McCarthy accuses media commentators and company executives of myopia in their industry predictions last year which have now turned out to be too optimistic. Climatic and political circumstances have changed considerably since those forecasts were made which largely explains the downward trend. Possibly we should all have forecast the closing of the Russian market to other Western exporters, the slowdown in China, deflation in the EU, port clearance delays in the USA and the drought in much of this country. But when those forecasts were made, none of these factors were as clear as they are in hindsight. . .

Otago field days focus on farm effluent management:

DairyNZ ENVIROREADY field days starting next week will bring farmers up to speed with good practice effluent management, and provide tools and information to help them meet Otago Regional Council environmental regulations.

DairyNZ water quality specialist Shirley Hayward says the events are about helping farmers feel confident in their knowledge of how they can meet council regulations.

“With the more stringent effluent and discharge rules now in place, this will help everyone understand what they need to do to ensure they comply. There is something for everyone, staff, managers and owners alike as there is a practical hands-on component as well as discussion around infrastructure decisions and investment,” says Shirley. . .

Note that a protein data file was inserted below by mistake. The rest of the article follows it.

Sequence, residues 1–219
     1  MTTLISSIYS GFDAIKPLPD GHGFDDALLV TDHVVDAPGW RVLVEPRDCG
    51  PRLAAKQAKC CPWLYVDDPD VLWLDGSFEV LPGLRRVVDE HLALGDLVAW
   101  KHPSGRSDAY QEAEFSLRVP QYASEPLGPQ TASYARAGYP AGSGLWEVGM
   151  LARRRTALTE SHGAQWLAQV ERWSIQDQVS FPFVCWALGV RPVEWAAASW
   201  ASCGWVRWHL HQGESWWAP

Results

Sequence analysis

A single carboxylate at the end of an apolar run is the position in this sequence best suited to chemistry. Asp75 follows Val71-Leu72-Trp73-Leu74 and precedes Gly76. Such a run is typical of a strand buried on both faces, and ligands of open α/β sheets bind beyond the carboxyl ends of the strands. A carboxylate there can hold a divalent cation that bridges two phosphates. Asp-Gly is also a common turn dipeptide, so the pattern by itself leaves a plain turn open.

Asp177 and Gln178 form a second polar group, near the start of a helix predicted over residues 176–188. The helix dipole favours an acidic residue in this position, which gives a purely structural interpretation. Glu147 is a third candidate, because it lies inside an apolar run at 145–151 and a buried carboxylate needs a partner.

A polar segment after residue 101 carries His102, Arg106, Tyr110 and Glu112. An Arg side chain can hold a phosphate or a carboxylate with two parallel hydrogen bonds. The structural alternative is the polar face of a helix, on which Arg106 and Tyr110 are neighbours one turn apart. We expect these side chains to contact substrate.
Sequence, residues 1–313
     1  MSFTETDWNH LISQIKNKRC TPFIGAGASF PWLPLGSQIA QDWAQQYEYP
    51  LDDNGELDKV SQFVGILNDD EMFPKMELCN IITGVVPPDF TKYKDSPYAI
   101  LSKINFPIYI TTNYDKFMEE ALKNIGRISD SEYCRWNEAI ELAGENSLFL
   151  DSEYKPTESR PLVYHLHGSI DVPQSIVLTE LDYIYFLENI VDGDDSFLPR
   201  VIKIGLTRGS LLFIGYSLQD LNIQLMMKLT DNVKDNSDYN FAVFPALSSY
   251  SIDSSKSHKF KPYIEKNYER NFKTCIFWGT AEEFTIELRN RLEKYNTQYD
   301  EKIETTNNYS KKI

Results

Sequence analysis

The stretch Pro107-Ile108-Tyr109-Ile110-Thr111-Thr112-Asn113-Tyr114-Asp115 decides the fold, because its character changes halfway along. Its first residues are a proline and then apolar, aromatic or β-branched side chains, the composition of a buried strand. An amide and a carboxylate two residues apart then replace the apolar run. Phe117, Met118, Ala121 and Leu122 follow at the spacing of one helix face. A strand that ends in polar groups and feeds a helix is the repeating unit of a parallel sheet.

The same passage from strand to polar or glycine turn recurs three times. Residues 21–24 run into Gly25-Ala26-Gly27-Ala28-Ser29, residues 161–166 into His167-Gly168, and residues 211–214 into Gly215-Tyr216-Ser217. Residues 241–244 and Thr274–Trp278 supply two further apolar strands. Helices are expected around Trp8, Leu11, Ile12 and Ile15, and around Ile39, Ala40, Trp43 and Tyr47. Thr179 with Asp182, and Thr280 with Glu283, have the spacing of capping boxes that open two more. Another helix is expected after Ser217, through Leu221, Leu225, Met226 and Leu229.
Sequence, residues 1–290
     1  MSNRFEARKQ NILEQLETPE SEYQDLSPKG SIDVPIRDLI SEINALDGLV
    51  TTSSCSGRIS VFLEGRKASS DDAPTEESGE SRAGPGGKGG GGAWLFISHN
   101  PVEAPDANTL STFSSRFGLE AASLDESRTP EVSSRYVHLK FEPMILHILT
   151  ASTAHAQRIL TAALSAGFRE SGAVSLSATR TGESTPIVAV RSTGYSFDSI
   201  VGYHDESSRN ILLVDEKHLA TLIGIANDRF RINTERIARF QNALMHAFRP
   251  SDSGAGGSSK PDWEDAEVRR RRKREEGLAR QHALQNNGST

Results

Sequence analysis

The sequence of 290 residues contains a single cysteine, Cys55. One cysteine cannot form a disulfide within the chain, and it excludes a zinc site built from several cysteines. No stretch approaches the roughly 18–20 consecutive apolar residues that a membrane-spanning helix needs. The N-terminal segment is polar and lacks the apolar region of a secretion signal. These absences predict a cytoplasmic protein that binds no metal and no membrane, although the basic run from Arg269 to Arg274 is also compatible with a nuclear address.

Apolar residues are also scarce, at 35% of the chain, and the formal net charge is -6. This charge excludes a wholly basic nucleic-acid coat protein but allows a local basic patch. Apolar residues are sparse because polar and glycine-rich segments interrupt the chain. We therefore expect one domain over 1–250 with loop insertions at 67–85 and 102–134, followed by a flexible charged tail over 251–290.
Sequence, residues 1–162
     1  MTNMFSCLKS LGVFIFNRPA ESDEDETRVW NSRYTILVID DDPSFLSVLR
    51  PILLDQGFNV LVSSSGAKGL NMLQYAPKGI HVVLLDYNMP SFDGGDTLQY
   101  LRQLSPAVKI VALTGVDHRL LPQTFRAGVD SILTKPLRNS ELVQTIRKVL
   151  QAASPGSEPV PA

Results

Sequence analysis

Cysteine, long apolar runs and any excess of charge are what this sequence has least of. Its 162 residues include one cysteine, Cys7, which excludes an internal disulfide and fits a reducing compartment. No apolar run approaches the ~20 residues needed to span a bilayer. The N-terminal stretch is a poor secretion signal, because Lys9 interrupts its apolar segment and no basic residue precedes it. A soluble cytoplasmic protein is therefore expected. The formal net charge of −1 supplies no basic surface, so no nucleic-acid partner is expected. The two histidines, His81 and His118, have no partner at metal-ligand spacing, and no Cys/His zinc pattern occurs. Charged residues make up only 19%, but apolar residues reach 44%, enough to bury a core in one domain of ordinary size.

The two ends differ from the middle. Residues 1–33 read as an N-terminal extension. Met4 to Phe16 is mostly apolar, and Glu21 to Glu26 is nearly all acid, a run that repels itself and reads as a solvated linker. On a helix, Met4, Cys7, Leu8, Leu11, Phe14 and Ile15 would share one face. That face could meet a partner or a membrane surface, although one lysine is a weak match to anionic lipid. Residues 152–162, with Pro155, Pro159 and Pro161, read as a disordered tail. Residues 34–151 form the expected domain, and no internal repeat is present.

SFF ownership ‘important’ – Sally Rae:

An appeal has been made to Silver Fern Farms to ”not sell the goose that has the potential to lay the golden eggs”.

Speaking at the co-operative’s annual meeting in Dunedin yesterday, Meat Industry Excellence member Mark Patterson said farmer ownership of the value chain would be ”incredibly important” and the company’s proposed capital raising had the potential to dilute that. . .

Why are we so afraid of the fruit fly? :

* What is Bactrocera tryoni or the Queensland fruit fly?

A native of Australia, it is one of the most destructive of the 4500 fruit flies in the world. It is fond of fleshy fruits such as avocado, citrus, tomato, guava, feijoa, grape, peppers, persimmon, pipfruit, berryfruit and stonefruit. 

It does not breed continuously but passes the winter in the adult stage. The total life cycle requires two to three weeks in summer and up to two months in autumn. Adult females live many months and four or five overlapping generations may develop annually. 

* Why is the fruit fly so dangerous?

Hard and expensive to control, fruit flies are commonly known as the “foot and mouth” of the horticultural industry. Once established, they are hard to eradicate. . .